Review: ABC Book of Shadows, by Katie Lydon Olivares

By Psyche | December 15, 2005 | Leave a comment

ABC Book of Shadows, by Katie Lydon Olivares, illustrated by April Choi
Itty Bitty Witch Works, 28 (unpaginated), 2005

A board book for children on a pagan theme – it’s a novel concept, and it works well. The board book is sturdy and well produced, and will likely stand the wear and tear a child will inflict upon it.

The first twenty six of the pages are illustrated and coupled with a rhyming scheme, while at times awkward, is often delightful. The two remaining pages comprise a glossary of the terms used in the book.

Beautifully illustrated with a rich pallet of colour, this is the first board book with an explicitly pagan theme I have seen, and I know several pagan mothers and their children who will adore this little book.

Review: Revelations Tarot, by Zach Wong

By Psyche | July 31, 2005 | Leave a comment

Revelations Tarot, by Zach Wong
Kit: Llewellyn Worldwide, 0738706078, 199 pp. & 80 card deck

The artwork of the Revelations Tarot is a sort of cross between pseudo-art nouveau and stained glass and the effect works. Each card also has a reverse image, not a mere mirror image, but a separate picture interwoven to display a different interpretation.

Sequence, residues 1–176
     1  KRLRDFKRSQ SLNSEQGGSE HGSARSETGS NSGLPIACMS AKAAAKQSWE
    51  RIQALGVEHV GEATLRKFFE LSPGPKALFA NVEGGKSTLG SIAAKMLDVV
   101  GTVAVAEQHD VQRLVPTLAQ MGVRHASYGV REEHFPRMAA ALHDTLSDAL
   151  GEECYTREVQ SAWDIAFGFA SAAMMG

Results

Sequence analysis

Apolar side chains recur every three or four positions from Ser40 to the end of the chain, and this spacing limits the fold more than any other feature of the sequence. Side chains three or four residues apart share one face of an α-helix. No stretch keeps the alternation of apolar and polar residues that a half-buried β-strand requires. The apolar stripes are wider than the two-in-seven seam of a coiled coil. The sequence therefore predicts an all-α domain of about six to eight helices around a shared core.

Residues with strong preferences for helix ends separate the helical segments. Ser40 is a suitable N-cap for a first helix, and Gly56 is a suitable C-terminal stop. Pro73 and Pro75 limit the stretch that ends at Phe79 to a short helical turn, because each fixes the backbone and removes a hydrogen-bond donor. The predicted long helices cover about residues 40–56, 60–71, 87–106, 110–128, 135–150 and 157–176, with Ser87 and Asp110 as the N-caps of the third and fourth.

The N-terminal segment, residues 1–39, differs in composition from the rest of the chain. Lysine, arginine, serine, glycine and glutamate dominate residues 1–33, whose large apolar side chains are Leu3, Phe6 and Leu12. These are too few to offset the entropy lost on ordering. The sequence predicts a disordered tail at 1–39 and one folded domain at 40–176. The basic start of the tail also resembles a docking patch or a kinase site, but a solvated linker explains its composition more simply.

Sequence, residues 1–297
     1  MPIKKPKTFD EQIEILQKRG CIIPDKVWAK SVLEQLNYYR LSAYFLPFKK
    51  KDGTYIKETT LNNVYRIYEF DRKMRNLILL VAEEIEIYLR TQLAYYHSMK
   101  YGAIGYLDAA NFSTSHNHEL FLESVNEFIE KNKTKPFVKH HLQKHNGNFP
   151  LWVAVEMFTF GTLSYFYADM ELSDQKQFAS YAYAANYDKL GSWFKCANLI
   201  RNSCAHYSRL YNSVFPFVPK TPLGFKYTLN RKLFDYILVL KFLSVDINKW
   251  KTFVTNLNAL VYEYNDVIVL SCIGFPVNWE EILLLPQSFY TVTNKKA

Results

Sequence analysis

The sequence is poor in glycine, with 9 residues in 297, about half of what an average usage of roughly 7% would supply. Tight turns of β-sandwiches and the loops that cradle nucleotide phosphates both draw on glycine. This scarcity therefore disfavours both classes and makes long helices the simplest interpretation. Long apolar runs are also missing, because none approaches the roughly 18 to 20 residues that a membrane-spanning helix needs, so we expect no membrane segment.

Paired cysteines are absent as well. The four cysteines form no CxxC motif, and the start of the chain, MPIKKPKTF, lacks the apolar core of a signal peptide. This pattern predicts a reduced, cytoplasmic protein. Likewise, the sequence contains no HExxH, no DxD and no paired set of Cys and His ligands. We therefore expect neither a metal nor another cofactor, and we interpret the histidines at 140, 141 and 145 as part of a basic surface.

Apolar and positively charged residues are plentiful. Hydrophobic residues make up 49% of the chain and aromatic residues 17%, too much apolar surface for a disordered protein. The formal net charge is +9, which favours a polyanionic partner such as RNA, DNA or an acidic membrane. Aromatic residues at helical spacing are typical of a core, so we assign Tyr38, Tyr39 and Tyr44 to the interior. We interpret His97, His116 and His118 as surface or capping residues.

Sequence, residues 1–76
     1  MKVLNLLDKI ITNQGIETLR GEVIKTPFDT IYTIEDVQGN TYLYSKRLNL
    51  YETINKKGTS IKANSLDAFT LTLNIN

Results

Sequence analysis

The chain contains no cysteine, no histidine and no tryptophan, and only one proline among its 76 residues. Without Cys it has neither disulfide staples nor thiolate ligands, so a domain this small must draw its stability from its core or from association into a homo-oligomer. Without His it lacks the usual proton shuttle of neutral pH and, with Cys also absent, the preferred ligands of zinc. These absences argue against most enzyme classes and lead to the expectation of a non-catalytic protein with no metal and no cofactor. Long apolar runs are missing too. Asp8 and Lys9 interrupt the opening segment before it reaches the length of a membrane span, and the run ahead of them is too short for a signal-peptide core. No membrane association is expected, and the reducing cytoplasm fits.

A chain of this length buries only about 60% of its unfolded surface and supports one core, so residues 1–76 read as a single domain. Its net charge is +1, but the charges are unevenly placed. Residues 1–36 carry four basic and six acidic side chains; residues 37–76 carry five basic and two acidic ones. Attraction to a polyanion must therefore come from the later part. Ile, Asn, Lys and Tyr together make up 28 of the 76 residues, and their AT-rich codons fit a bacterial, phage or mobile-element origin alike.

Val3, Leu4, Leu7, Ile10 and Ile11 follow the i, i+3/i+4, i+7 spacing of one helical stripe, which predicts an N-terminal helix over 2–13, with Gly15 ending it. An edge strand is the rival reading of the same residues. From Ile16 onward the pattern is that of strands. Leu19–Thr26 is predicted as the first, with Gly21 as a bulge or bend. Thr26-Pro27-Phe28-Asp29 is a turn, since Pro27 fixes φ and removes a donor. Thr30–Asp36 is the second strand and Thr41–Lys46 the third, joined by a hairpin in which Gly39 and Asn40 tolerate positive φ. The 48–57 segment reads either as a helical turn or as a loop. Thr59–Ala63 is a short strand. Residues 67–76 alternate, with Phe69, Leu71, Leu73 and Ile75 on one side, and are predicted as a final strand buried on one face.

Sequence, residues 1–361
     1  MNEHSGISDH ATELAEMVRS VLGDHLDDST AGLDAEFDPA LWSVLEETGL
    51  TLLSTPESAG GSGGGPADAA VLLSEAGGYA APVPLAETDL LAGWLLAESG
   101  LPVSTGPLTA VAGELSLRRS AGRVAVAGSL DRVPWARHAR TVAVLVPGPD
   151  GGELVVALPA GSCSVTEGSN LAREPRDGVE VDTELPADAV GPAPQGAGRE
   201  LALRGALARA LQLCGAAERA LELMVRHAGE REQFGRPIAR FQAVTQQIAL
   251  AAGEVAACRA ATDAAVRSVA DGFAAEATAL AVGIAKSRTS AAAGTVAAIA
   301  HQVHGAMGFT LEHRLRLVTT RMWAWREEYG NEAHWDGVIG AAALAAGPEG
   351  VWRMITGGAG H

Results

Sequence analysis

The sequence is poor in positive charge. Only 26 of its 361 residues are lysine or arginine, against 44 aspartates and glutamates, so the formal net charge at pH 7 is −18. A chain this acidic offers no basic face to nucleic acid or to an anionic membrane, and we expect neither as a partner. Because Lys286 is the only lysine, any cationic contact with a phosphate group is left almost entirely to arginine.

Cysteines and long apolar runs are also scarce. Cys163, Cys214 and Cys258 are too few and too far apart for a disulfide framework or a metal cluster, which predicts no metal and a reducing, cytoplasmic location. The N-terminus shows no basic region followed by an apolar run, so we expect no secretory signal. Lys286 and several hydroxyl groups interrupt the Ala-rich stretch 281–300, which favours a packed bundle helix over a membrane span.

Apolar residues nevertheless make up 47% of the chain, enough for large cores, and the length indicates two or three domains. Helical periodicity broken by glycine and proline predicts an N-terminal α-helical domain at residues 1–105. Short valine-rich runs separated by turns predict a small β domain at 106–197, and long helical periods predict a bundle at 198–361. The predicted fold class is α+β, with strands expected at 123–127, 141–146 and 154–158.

The major arcana depicts each character wearing a mask, representative of ‘a “human” relation, similar to that of mythical gods who stand in human form among us to ease our comprehension of the message they deliver’, apparently further identifying them with archetypes rather than physical people.

The minor arcana of the Revelations Tarot is distinctly different from many decks I’ve seen. The suits are arranged as one might expect, ranging from ace to ten, then the court cards of Page, Knight, Queen and King, and many of the scenes depicted are familiar owing to the inspiration drawn from the Rider-Waite-Smith deck. For example, the Eight of Swords (a particularly beautiful card), depicts a woman bound with a loose cord in the upright meaning, and her blindfold off and unbound in the reversed. The colour schemes are not wholly unifying and the characters depicted in the suits are often quite weird and wonderful. The characters of wands are ‘magicians, warriors, saves, and opulent individuals’; swords are ‘warriors, highly ornate and decorated, firm, and serious’; cups are ‘merpeople of the oceans and seas’; and pentacles are ‘metallic humanoids that are one with their element’.